Rrespect marches to puppy consultant David Concepcion-Garcia, who then places her on her back to see if she's willing to be under a handler's control. She fidgets a bit, not too comfortable with being held on her back. Next, Mr. Garcia backs away to see if she's willing to come to him again after he held her down to test her social dominance.
When she does, Mr. Garcia picks up Rrespect and holds her for 30 seconds to test her elevation dominance. He then tosses a wad of paper, followed by a tennis ball, to test her retrieving skills. The evaluations conclude with tests of the puppy's touch, sound and sight sensitivities, and her hunt drive. The consultant places about a dozen kibble in a cardboard box and watches how Rrespect uses her scent to find the treat.
At 12 weeks, foster consultants use information from the aptitude tests to place the puppies. Foster parents must live within two hours of Lackland because they must bring the puppies in for monthly medical evaluations and go on monthly hiking trips with other fosters in their dog's litter. Fosters also must have a fenced-in backyard and cannot have any children under the age of 4 or more than three personal dogs.
The program provides a carrier, food, toys, bowls, collars, leashes, veterinary care and guidance, which includes helping to set realistic expectations for the type of dog they will have in their homes.
"You're not getting a Lab," Mr. Garcia said. "The drive is 100 times greater. We like to set expectations and give our fosters every tool we can."
Months before Rrespect began her pre-training, she showed signs of her future in her foster parent's home. She was Mrs. Dietrich's third foster military working puppy. Mrs. Dietrich's second puppy, Oopey, is now in military working dog training. Still, when Rrespect first entered the house, Mrs. Dietrich was surprised by her intelligence, problem-solving skills and focus on a toy, a sign that breeding program consultants associate with her prey drive. All are characteristics of the Belgian Malinois breed, which make them perfect military working dogs, handlers say.
"The first time I put a toy on the floor, I was amazed at the energy she went at this toy with," Mrs. Dietrich said. "Twenty minutes later, she looked up at me. For 20 minutes, all she could think about was that toy. She parades around the house all the time with her toys. It's called practicing possession.
"I'm either laughing my head off or having a headache every minute with her. There is no in-between."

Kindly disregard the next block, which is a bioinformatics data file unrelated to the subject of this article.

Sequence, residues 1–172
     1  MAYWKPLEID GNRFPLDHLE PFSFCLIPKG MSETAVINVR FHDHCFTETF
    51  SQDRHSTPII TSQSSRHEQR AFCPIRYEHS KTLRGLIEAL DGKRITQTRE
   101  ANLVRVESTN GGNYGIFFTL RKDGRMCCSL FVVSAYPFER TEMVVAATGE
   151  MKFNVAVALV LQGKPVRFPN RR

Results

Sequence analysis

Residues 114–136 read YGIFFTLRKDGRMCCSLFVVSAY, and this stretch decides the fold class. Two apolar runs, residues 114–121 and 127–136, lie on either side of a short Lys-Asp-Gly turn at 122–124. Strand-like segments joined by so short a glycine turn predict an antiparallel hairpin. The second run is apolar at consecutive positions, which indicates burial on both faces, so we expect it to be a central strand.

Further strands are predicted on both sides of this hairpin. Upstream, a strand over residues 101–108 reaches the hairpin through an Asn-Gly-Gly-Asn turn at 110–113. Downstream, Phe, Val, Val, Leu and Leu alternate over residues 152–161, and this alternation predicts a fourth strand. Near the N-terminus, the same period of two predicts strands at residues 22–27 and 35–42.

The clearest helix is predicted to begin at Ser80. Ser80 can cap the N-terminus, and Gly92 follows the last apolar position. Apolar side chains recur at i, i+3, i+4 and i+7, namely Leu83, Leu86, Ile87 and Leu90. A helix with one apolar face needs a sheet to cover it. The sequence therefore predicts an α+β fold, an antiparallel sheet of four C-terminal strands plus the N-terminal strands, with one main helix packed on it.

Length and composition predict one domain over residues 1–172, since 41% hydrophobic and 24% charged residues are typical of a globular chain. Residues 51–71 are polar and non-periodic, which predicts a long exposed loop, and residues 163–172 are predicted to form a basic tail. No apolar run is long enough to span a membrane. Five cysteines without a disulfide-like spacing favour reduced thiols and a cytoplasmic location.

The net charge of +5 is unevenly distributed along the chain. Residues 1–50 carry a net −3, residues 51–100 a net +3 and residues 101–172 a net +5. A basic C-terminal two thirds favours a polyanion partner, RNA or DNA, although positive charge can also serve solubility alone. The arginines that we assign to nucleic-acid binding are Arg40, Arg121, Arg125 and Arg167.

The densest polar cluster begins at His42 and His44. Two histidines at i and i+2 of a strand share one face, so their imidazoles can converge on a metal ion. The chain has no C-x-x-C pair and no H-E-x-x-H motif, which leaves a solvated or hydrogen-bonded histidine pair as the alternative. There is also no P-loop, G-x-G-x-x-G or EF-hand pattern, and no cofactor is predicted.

Names for military working puppies come from lists supplied by the DOD Military Working Dog Veterinary Service Hospital at Lackland, which generates a list fromsuggestions made by the general public at DoD Military Working Dog Veterinary Service
. Names of fallen military working dog handlers or previous foster parents are given priority, however.
One dog in the "R" litter, Rromano, was named after a former foster parent, Col. Joseph Romano. Colonel Romano and his wife Karen fostered a military working dog while he was commander of the 37th Training Group at Lackland. He now monitors security coordination and special programs for the Secretary of the Air Force at the Pentagon. Their dog, Vviper, is now a working dog for the 802nd Security Forces Squadron and was a breeder for three litters in 2010. Colonel Romano said his wife treated Vviper like a child.
"His sense of smell was phenomenal," he said. "Couple this with his bite and quickness, it was clear Vviper would be one **** of a military working dog, as long as Karen didn't turn him into a domesticated pet."
The puppy named after Colonel Romano is showing similar signs that he also will succeed as a working dog, said his foster, Kevin Cody. Mr. Cody works with the Transportation Security Administration at the San Antonio International Airport.
After having their dogs for six months, Mrs. Dietrich and her husband, Navy Petty Officer 2nd Class Jason Dietrich, and the other foster parents said goodbye to Rrespect and the other puppies in December when the dogs returned to Lackland for adolescent training or pre-training, a sort of high school for the military working dog.
This is often a time of mixed emotions: pride of sending the dog to learn an important job mixed with the sadness of sending them away.
"Sometimes it's like sending off a hyper child to day camp," Mrs. Dietrich said. "Other times, it's really heartbreaking. But you know they're going to be doing what they love. You know they're going off to do something they're going to really enjoy. You want them to succeed, and you're excited to see what they're going to do with their lives. You're raising a little soldier, and it's your way to support the military.
"Look at that dog," she said as Rrespect sniffed in the grass. "That dog wants to be doing that. She doesn't want to be sleeping on the couch."